The museum features year-round programming for people of all ages.  Enjoy creating coastal crafts, movie nights and presentations by experts in maritime history, food, art and culture. For a daily schedule of activities go to the website at www.ncmaritimemuseums.com and view the calendar for more information.

From April through mid-October, hours are Monday through Saturday from 10 a.m. to 5 p.m.  From mid-October through March, hours are Monday through Saturday from 10 a.m. to 4 p.m.  Admission is free; donations are appreciated. Discover fun, beautiful and educational souvenirs, books and gifts in their Meekins Chandlery Gift Shop, with hours corresponding to Museum hours.  

Hatteras Village

On the southern end of Hatteras Island, Hatteras, or as the locals call it, Hatteras Village, is known for its ties to offshore fishing. The village borders Hatteras Inlet, giving recreational and commercial fishing boats an easy route to the Gulf Stream and the inshore fishing grounds. Hatteras has several marinas where commercial and recreational boats dock, making this a great place from which to book an offshore charter. Several Hatteras Island motels, plenty of vacation rental homes and restaurants support the fishing and vacation industries. Hatteras also offers quite a bit of shopping, from art galleries to jewelry shops to clothing boutiques. For a fascinating look at the island’s storied maritime history, check out the Graveyard of the Atlantic Museum. The ferry to Ocracoke Island leaves from Hatteras Village.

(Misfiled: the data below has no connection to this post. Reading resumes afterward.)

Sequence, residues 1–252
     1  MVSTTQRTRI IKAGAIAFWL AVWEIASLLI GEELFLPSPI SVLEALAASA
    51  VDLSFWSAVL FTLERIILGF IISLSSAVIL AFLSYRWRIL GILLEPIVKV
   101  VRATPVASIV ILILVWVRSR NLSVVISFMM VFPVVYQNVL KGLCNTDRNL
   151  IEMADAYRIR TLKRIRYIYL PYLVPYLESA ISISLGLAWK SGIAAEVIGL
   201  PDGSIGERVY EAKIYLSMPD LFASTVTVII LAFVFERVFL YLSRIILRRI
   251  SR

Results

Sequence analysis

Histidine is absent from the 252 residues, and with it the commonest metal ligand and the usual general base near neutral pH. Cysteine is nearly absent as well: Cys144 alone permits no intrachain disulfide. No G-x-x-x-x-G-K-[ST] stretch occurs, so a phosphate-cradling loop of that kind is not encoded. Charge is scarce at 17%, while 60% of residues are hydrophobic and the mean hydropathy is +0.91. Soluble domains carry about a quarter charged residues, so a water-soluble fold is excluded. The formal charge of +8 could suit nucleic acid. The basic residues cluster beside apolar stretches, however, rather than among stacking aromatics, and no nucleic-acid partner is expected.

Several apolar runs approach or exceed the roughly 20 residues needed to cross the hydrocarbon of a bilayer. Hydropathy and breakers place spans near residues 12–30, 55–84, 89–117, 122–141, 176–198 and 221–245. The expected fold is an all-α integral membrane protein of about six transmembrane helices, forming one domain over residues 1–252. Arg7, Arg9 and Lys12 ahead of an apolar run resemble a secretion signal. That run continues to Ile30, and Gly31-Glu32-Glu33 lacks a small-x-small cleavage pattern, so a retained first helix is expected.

Pea Island National Wildlife Refuge

N.C. Highway 12, Rodanthe
(252) 987-2394

The refuge’s visitor center, located on the northern end of Hatteras Island about 4 miles south of Oregon Inlet, is a good place to start a Pea Island visit. It gives an introduction to the ecosystems and wildlife of the refuge and the activities that are permissible there. You may also pick up informational brochures, the National Park Service’s newspaper and trail maps. A restroom and plenty of parking are available. You may start your walk on North Pond Wildlife Trail here.